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Monday, 1 August 2022
Page: 253

Senator THORPE (VictoriaDeputy Leader of the Australian Greens in the Senate) (11:08): I move:

That this bill be now read a second time.

In March I introduced this bill, the United Nations Declaration on the Rights of Indigenous Peoples Bill 2022, to the 46th Parliament, and it is my pleasure to speak to it today. The United Nations Declaration on the Rights of Indigenous Peoples, or UNDRIP, is an opportunity for the new Labor government to prove that they are committed to action, not symbolism, for First Nations people. Passing this bill would make honouring, respecting and protecting First Nations people's rights one of your first acts in government. This could be a historical moment. People in this building cannot claim to be serious about First Nations justice and hang up their dot paintings and call for black lives to matter if they vote against this bill. First Nations rights are human rights. If we want to make this country a better place we need to start taking human rights seriously.

This bill doesn't spell out exactly how the government needs to enact the UNDRIP. The bill instead requires the government to prepare an implementation plan to achieve the objectives of the UNDRIP, and to work towards ensuring that our current and future laws respect First Nations rights. Passing this bill means putting First People in the driver's seat when it comes to making decisions about our communities, our culture and our country.

The UNDRIP is the most comprehensive international instrument on the rights of indigenous people around the world and not just of First Nations people of this continent we now call Australia. The UNDRIP establishes a universal framework of minimum standards for the survival, dignity and wellbeing of First Nations peoples. It also expands on existing human rights and freedoms as they apply to indigenous peoples worldwide and to First Nations people of this continent. The UNDRIP is particularly significant because First Nations people of this country—our elders, academics and activists—were involved in its drafting.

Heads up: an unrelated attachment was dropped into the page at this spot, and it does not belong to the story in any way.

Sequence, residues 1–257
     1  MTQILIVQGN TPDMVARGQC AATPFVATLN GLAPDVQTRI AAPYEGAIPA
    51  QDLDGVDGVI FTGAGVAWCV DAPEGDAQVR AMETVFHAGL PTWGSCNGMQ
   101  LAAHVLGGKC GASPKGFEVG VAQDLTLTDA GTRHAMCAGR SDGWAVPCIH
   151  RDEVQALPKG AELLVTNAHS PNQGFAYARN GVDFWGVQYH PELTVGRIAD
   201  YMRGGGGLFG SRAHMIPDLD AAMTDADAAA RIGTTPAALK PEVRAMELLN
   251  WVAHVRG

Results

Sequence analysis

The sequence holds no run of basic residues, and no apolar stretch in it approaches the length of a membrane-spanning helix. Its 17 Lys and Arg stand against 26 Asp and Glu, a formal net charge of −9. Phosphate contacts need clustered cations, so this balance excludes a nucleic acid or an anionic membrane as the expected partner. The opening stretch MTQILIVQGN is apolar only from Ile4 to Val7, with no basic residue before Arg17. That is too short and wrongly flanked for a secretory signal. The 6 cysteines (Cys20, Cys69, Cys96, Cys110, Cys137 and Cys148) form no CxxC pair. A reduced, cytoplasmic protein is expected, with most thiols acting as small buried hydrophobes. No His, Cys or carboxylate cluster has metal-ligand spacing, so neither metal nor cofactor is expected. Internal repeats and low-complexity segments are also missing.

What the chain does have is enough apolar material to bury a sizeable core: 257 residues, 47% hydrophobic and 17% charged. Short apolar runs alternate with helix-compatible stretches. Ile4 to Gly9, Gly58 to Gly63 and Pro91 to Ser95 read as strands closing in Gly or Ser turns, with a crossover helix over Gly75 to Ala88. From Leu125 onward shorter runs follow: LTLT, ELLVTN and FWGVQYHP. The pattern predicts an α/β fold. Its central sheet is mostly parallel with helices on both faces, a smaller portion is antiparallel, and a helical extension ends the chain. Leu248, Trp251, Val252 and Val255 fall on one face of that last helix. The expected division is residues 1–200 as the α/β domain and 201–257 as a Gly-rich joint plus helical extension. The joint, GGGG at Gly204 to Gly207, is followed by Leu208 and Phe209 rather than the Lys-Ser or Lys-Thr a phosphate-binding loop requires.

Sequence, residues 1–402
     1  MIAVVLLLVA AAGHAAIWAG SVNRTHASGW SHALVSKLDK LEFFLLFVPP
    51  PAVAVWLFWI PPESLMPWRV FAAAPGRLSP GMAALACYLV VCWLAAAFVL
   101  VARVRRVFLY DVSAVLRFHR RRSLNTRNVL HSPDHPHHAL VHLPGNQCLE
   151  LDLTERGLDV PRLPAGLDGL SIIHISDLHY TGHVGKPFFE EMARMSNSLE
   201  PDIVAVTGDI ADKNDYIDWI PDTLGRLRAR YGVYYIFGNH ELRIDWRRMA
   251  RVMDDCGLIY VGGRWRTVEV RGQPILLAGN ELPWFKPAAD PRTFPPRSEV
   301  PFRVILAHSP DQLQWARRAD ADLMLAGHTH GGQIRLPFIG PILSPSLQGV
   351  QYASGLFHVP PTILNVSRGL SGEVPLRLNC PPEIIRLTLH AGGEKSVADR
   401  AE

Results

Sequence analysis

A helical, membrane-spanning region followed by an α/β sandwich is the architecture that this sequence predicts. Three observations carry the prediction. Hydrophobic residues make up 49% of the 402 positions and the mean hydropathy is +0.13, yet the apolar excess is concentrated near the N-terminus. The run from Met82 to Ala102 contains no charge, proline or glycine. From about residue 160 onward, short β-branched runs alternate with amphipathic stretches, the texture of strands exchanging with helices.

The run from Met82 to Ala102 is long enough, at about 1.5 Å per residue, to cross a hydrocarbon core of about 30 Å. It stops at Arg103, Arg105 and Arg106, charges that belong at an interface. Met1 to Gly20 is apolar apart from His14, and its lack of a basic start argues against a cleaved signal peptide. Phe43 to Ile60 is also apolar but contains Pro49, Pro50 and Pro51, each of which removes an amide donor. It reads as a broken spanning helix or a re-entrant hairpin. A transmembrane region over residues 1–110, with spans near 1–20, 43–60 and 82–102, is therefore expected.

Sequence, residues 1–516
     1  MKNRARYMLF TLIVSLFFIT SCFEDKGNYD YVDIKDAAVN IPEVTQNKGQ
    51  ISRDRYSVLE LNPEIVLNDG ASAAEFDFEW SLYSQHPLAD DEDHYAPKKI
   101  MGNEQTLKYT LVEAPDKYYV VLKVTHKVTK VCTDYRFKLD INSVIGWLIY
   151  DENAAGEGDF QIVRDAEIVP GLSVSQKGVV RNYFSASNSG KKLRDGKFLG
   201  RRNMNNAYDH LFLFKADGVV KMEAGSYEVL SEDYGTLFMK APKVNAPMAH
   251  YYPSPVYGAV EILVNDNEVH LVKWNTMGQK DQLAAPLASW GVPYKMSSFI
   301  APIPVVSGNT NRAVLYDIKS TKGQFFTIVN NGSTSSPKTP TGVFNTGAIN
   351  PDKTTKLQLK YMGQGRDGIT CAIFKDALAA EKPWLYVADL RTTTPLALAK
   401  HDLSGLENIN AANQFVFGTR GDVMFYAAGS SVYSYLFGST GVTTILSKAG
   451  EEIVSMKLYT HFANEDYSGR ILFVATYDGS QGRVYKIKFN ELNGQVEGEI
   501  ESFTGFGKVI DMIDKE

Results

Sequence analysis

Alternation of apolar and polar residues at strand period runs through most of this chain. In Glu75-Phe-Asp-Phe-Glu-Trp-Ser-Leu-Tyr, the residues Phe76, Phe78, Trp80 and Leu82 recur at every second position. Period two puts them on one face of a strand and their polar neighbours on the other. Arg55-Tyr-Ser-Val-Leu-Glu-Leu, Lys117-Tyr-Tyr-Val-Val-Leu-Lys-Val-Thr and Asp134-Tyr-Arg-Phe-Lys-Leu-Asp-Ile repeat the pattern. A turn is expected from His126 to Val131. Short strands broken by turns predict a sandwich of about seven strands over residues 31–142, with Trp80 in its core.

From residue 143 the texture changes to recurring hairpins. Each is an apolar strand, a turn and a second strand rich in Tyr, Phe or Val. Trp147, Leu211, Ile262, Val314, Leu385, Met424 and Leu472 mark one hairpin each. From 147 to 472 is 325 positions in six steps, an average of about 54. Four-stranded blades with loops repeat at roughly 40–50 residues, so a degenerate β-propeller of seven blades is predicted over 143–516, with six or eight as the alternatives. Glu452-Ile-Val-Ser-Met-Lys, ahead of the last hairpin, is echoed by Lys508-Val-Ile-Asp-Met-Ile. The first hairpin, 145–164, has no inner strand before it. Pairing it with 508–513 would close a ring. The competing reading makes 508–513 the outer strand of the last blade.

The UNDRIP covers human rights relating to First Nations peoples, including self-determination, participation in decision-making, respect and protection for culture, and equality and non-discrimination. These are all essential demands my people have been fighting for ever since the colonisation of this country. We don't have to wait until next year, or for a referendum, to start protecting and promoting First Nations rights. The declaration was adopted by the United Nations General Assembly in September 2007. This country was one of just four countries to vote against it at the time.

While the Australian government finally endorsed the UNDRIP in 2009 and committed at international forums to take actions to implement it, we have seen nothing—no meaningful action. The Australian government identified that Closing the Gap was a strategy to key policy reform and that it would give effect to the Declaration on the Rights of Indigenous Peoples. However, most of the measures under the strategy are woefully lacking in ambition and, despite this, most are not on track to be met at all. Closing the Gap is a farce.

Our people have waited long enough. All we have received are broken promises, lip-service and straight-up lies. We are not willing to wait anymore. We are dying at the hands of a racist system. Our children and land were stolen, and are still being stolen today; our country, culture and languages destroyed—even today. But we are strong and we are capable, despite this racist system trying to destroy us. We have fought and we'll continue to fight until we finally have some justice. The time to act is now.